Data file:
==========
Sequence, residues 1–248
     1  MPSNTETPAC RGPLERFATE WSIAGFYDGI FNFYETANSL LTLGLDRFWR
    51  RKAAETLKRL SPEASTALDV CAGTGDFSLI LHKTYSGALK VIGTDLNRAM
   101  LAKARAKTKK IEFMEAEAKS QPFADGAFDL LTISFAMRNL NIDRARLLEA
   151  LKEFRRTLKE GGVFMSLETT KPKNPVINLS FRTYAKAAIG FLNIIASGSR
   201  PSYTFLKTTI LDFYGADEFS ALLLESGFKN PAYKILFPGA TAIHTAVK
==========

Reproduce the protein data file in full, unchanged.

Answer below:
Sequence, residues 1–248
     1  MPSNTETPAC RGPLERFATE WSIAGFYDGI FNFYETANSL LTLGLDRFWR
    51  RKAAETLKRL SPEASTALDV CAGTGDFSLI LHKTYSGALK VIGTDLNRAM
   101  LAKARAKTKK IEFMEAEAKS QPFADGAFDL LTISFAMRNL NIDRARLLEA
   151  LKEFRRTLKE GGVFMSLETT KPKNPVINLS FRTYAKAAIG FLNIIASGSR
   201  PSYTFLKTTI LDFYGADEFS ALLLESGFKN PAYKILFPGA TAIHTAVK